What is the meaning of this:

    plot ‘matlab_colormap.txt’ u ($1/3.0):($2/3.0):($3/1000.0) matrix with image


    Rolando Paz

  5. hagen says:

    That the colors go from 0 to 8 is completely arbitrary. Gnuplot will assign the color of the lowest value to the lowest number you specify and the highest value to the color of the highest number you specify. The only thing which matters is the distance between the numbers. here I have chosen an equally spaced distance between them. And the choice of colors here, was to match the Jet colormap from Matlab.

    The plot command divides the values from the first column of the data file ($1) by three and also the second column ($2), and finally the third column by 1000. This is only done to get the right scaling of the underlying data. matrix tells Gnuplot that the data are stored as a matrix in the data file, and image is the plotting mode to use.

  6. Rolando says:

    Thanks for your answer, I already understand the color asignation, but I still have a doubt about the division required in the first and second column by 3, and the third by 1000, what is the objetive to do this and what is the diference if I make the division by another number?

    You are talking about three columns and the data file has 180 columns and 180 rows, Wich three columns are you talking about?


    Rolando Paz

  7. maximilien says:

    Thanks for this great post :)

  8. johannes says:

    i am trying to use another color map which i found here:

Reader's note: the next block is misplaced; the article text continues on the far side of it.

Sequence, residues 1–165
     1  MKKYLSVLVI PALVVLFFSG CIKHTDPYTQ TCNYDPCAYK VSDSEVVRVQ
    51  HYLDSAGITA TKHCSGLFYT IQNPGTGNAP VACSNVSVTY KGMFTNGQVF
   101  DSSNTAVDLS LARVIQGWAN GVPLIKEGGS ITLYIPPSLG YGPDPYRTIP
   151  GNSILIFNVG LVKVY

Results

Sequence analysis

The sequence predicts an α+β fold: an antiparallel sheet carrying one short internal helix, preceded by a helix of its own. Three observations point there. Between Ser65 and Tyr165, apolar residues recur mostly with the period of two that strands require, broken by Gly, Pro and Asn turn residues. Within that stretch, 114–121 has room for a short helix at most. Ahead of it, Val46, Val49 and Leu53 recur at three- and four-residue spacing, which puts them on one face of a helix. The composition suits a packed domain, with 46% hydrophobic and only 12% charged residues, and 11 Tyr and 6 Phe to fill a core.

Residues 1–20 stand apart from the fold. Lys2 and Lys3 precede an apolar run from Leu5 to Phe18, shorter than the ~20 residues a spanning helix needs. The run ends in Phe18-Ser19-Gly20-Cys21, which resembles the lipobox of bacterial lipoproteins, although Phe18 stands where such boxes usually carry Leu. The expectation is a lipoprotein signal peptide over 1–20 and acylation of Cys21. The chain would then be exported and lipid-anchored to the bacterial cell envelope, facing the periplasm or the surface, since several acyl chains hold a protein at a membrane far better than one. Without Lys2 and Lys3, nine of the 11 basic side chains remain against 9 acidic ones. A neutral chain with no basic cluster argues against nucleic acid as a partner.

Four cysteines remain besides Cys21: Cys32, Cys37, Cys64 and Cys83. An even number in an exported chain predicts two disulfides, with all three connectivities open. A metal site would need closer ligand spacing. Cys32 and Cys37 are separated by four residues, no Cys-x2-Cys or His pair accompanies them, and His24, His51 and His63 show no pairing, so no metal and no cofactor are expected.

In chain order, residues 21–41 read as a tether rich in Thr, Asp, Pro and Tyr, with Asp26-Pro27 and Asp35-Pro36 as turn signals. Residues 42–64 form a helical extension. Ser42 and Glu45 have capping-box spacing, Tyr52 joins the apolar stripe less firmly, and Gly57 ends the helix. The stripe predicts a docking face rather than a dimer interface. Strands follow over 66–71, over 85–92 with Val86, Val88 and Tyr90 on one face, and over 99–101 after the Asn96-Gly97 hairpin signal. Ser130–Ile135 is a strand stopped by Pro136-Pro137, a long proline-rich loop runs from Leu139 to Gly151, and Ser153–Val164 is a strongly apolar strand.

this map goes from blue over grey to red (cool to warm map). but somehow gnuplot adds some new colors like green and yellow. does gnuplot somehow interpolate missing colors?
    my data range is currently 0 to 4, do i have to care about that or will gnuplot automatically adapt the range of the colormap so that it fits the data range?
    thanks for answers or helping ideas.

  9. hagen says:

    Hi johannes.

    For me it just works.

    Matlab colorbar

    Fig. 2 Photoluminescence yield plotted with a blue-red-colormap (code to produce this figure, data)

    The colors are automatically scaled to your data values or to the values you specify with

    set cbrange [$MIN:$MAX]
  10. Arno Nym says:

    Thanks hagen, the »set cbrange« command was exactly what I was looking for.

  11. xuli says:

    Can someone help me how to extract colour from an image and display the extracted colour as colour palette?

  12. hagen says:

    You can use GIMP for this, there is a tool called color picker which does the job. This works for one color at once.

  13. Cindy says:

    I got an error message saying
    error: invalid conversion from string to real N-d array
    error: set: expecting graphics handle as first argument

    would you please tell me what could happen here?

  14. hagen says:

    Hi Cindy.

    Can you tell what command or file you run? The code for Fig. 1 runs fine for me.

  15. yakoudbz says:

    I think this is a much better way to define the palette:

    set palette model RGB
    set palette functions f(gray-0.75),f(gray-0.5),f(gray-0.25)